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    Harvey Andrews - Soldier. An extremely powerful song, and I keep telling myself that I will translate it and cover it in Hebrew but never get around to it.



    John McDermott - Christmas in the Trenches. Gives me hope that eventually people will realize we're all human, but until then, we stand on the vigil

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  5. #20
    Senior Contributor Bigfella's Avatar
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    Maggie's Farm

    The dark years of the late 70s & the many & varied conflicts of the Thatcher years produced some fine political & protest songs.

    The highlighted quote is a nice summation of this entire thread.

    "Ghost Town captured the political mood," said Alexis Petridis, rock critic for The Guardian. "It's absolutely remarkable the amount of rioting that erupted just around the time it was number one."

    Mr Petridis said the early Thatcher years had been a productive time for protest singers at least in part because of her strength of personality.

    Lady Thatcher was 'easy to demonise', according to one critic "If you are going to make political music you need to have something to react against, and there was plenty to react against."

    "Britain was turning from around in a really dramatic way from the liberal, post-war consensus. Thatcher was far right enough that the National Front vote collapsed. She was a very easy figure to demonise."
    First up a song that saw the future:

    "The Guns of Brixton" pre-dates the race riots that took place in the 1980s in Brixton but the lyrics depict the feelings of discontent that were building due to heavy-handedness of the police that led to the riots, the recession and other problems at that time.


    ...and a few about Maggie. First, one of my favourite bands of the 80s.



    and a couple by some of the great songwiters of the 80s.

    Love the Booker T & the MGs sound here.



    Fair to say Elvis wasn't a fan



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  6. #21
    Senior Contributor Bigfella's Avatar
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    Very moving BR.


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  7. #22
    An t-aimiréal chléthúil Senior Contributor crooks's Avatar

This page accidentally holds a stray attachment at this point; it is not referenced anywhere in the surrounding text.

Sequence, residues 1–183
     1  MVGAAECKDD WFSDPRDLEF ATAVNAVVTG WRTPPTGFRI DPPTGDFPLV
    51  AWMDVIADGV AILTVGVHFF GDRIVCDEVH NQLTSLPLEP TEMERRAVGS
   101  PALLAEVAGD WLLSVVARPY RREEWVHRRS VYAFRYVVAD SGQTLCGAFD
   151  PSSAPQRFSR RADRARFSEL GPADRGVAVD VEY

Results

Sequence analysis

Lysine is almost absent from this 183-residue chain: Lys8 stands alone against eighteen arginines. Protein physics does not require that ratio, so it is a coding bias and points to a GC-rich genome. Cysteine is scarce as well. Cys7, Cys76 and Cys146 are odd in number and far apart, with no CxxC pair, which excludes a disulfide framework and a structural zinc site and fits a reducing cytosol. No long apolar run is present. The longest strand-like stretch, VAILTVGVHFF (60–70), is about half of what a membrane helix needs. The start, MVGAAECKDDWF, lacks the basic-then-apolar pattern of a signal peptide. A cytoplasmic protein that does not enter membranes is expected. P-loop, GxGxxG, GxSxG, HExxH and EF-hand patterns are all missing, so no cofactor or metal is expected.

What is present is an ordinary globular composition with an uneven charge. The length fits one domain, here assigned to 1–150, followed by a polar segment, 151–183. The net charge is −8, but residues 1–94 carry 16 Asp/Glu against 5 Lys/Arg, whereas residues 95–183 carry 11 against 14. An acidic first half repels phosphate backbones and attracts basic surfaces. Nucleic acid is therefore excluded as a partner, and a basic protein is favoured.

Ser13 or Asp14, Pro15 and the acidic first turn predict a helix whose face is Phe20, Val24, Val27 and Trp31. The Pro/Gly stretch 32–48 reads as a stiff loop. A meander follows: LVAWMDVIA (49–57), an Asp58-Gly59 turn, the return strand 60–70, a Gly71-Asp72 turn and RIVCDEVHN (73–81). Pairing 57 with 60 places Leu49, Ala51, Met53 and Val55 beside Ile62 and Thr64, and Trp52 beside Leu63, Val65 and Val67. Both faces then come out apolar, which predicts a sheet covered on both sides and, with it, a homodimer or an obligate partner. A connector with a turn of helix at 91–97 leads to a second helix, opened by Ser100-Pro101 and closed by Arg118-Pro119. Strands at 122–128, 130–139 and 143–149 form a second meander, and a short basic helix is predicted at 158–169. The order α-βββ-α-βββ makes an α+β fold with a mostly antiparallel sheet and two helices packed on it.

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    Really loved that Sinéad O'Connor version of 'the Foggy Dew' BF, criminally I've never heard that, haunting. I like Morrisey's 'Irish blood, English heart', written to describe an oft-unheard part of the conflict, how England deals with it's post-colonial identity:



    Similar (and epic) by the Pistols - the very definition of an anthem. Love the sarcasm, the sneering, the willingness to take a crack at British taboos:



    Loved this when it came out, the first truly catching anti-Iraq war song:



    Also if we're going off folk, 'Smalltown boy' is a beautiful 80s dance classic by Bronski Beat that is remixed to death these days - and is also about the torture of growing up gay in hostile territory. Mournful and moving:



    'Another day in paradise' was a song I remember from my childhood, honest anti-poverty message:



    Also hip hop has often been a seriously strong popular medium for social change. Run DMC were at the forefront of this in the 80s and 90s (complete with hilarious breakdancing video - how did that seem cool lol?):

    Although it is not true that all conservatives are stupid people, it is true that most stupid people are conservative.
    - John Stuart Mill.

  8. #23
    Senior Contributor Bigfella's Avatar
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    Nothin' for us in Belfast

    Crooks, nice selection, though I think 'its like that' is a bit of a stretch. I'll have to dig up some political hip hop shortly. Oh, that version of Foggy Dew is on a Chieftains album from a few years back - excellent album (including a jam with the Rolling Stones).

    Still on the emerald isle, though a wee bit north of you, a group of young Belfast lads channeled their furstrations into the new punk format. The Stiff Little Fingers were one of the best punk groups of the first wave. Here's why:





    As lead singer Jake Burns tells it, one night after a gig a young english man come up to him & they began to chat. He told Burns that he'd joined the British Army at age 17, been shipped off to Ulster & ended up shooting some kid. At 21 he was a psychological mess, still had time to serve before he could get cashiered & was considering going AWOL.

    audio isn't the best. Sorry.